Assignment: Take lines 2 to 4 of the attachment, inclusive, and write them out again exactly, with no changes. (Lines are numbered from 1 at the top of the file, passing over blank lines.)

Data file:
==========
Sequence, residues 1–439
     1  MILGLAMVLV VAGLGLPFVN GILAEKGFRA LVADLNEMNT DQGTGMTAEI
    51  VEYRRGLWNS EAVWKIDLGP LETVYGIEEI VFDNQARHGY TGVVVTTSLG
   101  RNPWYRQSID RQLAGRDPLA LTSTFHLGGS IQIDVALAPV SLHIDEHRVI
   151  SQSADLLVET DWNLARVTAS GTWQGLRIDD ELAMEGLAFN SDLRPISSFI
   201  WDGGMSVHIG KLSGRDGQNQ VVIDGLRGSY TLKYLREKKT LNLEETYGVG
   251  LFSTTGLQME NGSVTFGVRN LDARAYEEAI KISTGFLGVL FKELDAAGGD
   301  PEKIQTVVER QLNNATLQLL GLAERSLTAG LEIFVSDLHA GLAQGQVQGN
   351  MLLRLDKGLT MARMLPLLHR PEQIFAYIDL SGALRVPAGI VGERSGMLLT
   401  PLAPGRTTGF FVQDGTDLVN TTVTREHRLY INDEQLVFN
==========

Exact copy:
     1  MILGLAMVLV VAGLGLPFVN GILAEKGFRA LVADLNEMNT DQGTGMTAEI
    51  VEYRRGLWNS EAVWKIDLGP LETVYGIEEI VFDNQARHGY TGVVVTTSLG
   101  RNPWYRQSID RQLAGRDPLA LTSTFHLGGS IQIDVALAPV SLHIDEHRVI